He would farbreng every Shabbos and Rosh Chodesh. This was because the Rebbe mentioned that in recent years chassidim have a custom to farbreng every Shabbos and Rosh Chodesh (Vaeira 5752). It was not just enough for him that he was at a farbrengen, but he would ensure that in each of the yeshivos that he was mashpia (Oholei Torah Mesivta, Zal, and 770) there should be a farbrengen. Often this meant that he would farbreng multiple times in one day.

The farbrengen would begin with dvar malchus: the most recent sicha said by the Rebbe on that parsha. Later he would continue to farbreng with an emphasis on maaseh bepoel, often in connection to the parsha or time of year. For example, on Parshas Zachor he spoke about the words of the haftorah that it is better to listen to Hashem than bring good korbonos.

When asked to farbreng, he usually would agree unless he had something else scheduled at that time.

In 5774 (2014), he was asked to farbreng at a chanukas habayis. At the farbrengen, a yungerman lamented about how the nisyonos these days are too difficult. “After all,” this yungerman said, “the yetzer harah found its way into my own pocket, in the form of a device.” R’ Pinye responded, “How did it get into your pocket? Did it fly in there on its own? You put it there!” Afterwards a friend of this yungerman’s showed him how to install a filter. R’ Pinye repeated this incident often and said that those who need a smartphone must have a filter.

He would often tell us that when R’ Sadya Liberov would say over his schedule of the day he would say that he goes to mikvah, learns Chassidus, etc., and then tries to daven. Unlike learning that one can claim success if he understood what he learned; davening cannot be measured. It doesn’t depend on how much he “ge’bam’bed” (hummed to himself while saying “bam, bam”).

If he noticed that a bachur was not eating, he would stop speaking and tell the bachur to make Kiddush. (Often bachurim came after having just finished davening and didn’t want to disturb him in the middle of speaking.) He would also look to see which language would be most understood (Yiddish, Lashon Hakodesh, English, or Russian). If an Israeli bachur came he would say, “Since Lashon Hakodesh is understood by everyone, that’s what I’ll speak.”

He would often sing the same few niggunim at a farbrengen. Once a bachur mentioned that we had already sang a particular niggun earlier in the farbrengen. R’ Pinye then began a niggun which almost no one at the farbrengen knew.

He always made sure that the farbrengen would not interfere with seder.

Ahavas Yisroel

At the Cteen Shabbaton, there was a learning program in which they would learn with the bachurim in zal. It was amazing to see how he would learn with several of the teens.

Once, a bachur was expelled from yeshiva and was wandering the streets. I saw this bachur on Kingston Ave. and he told me that he was depressed. I invited him onto the mitzvah tank parked on the side of the road (I directed the tank those years). I didn’t know how to help him. Just then I saw R’ Pinye passing by. I asked him if he could speak with the bachur. R’ Pinye came onto the tank, while I took out mashke and crackers. After a short farbrengen, the bachur said that he came on the tank feeling depressed, yet he’s leaving it laughing. He then decided to go back to yeshiva. R’ Pinye asked me to make calls to help him get accepted.

I once told him that avodas Hashem is very difficult and asked if he had any advice. He asked, “Do you think I have a trick to make it easy? It’s called avoda for a reason!”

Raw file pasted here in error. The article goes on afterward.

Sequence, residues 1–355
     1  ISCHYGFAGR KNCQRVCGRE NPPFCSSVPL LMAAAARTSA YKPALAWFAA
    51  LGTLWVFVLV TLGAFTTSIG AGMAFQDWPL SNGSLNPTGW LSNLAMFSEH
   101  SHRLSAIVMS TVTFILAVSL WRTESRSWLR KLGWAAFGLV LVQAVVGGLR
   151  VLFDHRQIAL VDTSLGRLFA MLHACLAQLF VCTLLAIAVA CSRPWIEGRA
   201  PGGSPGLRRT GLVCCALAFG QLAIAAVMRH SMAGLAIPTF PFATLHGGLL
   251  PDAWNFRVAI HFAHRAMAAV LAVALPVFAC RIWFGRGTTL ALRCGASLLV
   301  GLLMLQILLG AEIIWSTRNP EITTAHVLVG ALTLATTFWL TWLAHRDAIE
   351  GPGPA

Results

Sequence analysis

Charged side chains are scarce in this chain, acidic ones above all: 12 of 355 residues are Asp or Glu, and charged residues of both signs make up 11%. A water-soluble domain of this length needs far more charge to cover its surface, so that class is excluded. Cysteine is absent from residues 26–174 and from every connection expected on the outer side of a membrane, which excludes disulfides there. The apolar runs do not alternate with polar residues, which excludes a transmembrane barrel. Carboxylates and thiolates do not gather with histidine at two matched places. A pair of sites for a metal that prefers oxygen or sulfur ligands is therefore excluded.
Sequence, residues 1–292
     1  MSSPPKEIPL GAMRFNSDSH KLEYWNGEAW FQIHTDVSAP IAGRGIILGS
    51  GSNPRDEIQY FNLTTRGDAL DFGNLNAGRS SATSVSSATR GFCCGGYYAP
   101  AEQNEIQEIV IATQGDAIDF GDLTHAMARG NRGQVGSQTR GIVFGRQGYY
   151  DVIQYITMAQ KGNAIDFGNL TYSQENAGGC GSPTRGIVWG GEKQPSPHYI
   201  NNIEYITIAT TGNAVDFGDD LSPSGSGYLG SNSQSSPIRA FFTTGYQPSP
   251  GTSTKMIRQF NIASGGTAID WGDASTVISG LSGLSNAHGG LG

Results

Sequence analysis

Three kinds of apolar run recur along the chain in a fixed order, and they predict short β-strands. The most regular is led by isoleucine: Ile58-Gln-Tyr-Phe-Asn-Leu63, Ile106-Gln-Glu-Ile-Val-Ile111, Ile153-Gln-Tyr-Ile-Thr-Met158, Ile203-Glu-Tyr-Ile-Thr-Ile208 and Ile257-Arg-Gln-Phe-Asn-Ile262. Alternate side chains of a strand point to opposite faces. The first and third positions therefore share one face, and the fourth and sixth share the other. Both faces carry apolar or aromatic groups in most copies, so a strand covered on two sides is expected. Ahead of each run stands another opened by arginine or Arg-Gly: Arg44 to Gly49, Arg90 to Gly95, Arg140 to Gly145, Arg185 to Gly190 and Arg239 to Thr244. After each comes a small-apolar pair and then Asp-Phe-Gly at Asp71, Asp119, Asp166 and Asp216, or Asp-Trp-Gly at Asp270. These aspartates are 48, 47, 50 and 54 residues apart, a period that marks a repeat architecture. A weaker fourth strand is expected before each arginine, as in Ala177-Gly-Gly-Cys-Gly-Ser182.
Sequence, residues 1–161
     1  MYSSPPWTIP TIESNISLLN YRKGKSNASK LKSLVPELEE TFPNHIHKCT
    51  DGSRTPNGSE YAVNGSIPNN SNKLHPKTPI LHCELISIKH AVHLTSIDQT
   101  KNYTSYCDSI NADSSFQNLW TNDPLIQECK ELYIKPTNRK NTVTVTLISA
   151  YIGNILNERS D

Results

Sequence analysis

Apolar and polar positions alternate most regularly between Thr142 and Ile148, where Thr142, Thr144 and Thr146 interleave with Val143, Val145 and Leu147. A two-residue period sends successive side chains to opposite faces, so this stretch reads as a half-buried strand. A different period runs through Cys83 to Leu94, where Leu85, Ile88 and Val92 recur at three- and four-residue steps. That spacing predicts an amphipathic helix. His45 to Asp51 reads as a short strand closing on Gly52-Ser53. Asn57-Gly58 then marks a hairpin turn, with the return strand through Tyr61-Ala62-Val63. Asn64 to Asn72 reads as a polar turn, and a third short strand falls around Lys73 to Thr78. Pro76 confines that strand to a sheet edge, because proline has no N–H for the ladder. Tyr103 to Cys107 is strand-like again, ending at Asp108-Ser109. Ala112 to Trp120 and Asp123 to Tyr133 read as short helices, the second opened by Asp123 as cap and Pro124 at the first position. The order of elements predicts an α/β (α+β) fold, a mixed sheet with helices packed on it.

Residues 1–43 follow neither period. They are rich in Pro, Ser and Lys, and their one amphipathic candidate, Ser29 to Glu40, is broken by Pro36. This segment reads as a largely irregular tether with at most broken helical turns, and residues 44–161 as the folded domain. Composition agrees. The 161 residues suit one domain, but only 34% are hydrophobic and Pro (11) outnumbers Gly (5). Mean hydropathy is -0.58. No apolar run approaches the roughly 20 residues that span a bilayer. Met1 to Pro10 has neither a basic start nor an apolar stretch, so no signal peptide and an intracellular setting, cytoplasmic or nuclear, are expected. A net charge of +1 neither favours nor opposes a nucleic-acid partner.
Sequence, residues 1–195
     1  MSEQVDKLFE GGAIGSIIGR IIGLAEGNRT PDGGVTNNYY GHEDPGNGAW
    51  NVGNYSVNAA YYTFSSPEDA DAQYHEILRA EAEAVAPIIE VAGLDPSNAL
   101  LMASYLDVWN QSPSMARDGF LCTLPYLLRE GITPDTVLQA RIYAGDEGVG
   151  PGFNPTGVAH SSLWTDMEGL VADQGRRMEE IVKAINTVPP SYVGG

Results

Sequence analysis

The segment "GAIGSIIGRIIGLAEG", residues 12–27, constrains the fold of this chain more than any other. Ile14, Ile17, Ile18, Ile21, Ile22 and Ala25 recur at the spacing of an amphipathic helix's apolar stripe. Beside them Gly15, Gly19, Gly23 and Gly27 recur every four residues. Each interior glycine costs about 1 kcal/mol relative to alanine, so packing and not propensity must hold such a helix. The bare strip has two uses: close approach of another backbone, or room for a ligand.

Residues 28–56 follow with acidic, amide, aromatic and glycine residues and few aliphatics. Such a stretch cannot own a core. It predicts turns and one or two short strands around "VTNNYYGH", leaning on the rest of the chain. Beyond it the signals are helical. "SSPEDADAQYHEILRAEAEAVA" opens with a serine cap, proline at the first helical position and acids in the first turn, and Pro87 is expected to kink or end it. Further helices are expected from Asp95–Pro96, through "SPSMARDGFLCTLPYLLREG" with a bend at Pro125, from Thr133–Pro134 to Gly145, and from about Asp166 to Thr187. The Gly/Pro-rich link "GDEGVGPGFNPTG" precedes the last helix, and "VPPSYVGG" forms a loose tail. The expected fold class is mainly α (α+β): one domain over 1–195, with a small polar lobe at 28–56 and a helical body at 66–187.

He would often tell me that I must learn “bimakom shelibo chafetz,” in an area that my heart desires. He explained that if I go to a yeshiva that I don’t enjoy, I’ll have a more difficult time learning.

This was not telling me to do whatever I want. In the summer of 5775 (2015), I was considering going to a yeshivas kayitz since I would learn more than as a staff member in camp. He told me to go to camp, which I would enjoy more despite the fact that I would probably learn less. When I told him, I had several options of camps, he told me to go to the one that was less chassidish, since I would have a greater influence there.

When I was in yeshiva in Crown Heights, I didn’t enjoy the atmosphere so much, but I did enjoy being next to 770. Therefore, I told R’ Pinye that it would make most sense if I went to learn in 770. R’ Pinye replied, “I think that you should go learn in Kollel Tiferes Zekeinim.” “Why?” I asked, thinking that he was serious. “It’s just like 770,” he replied with a smile, “it’s not for your age…”


He was often chazan when there was no chiyuv present, as the Alter Rebbe writes that the amud should not be hefker. One Friday he was davening at a minyan in which the chazan davened at an extremely quick speed. After davening R’ Pinye rebuked the chazan, “Where are you rushing to? Are you afraid that your cholent is going to burn? It is impossible for the minyan to keep up with the chazan like this.”

Influencing Others

When I was on shlichus, he encouraged me to farbreng with the bachurim and to guide them.

There was one bachur who told me that he reads various books. These books were not Jewish, but the content wasn’t directly against Torah, and he could not understand what was wrong with reading such books. I asked R’ Pinye how to explain it.

He told me, “Tell him that it says in Chassidus that the nachash told Adam Harishon, that he should eat from the eitz hada’as tov v’rah; the Aibeshter knows about good and evil yet it doesn’t affect him, so you can do the same. However, a person is not the Aibeshter. Whatever he sees or hears has an effect on him. Therefore, reading books that do not follow the values taught by Chassidus has a negative effect on the one who reads them.”


Click here to download ‘Reb Pinye’s Stories’ by Rabbi A.C. Stern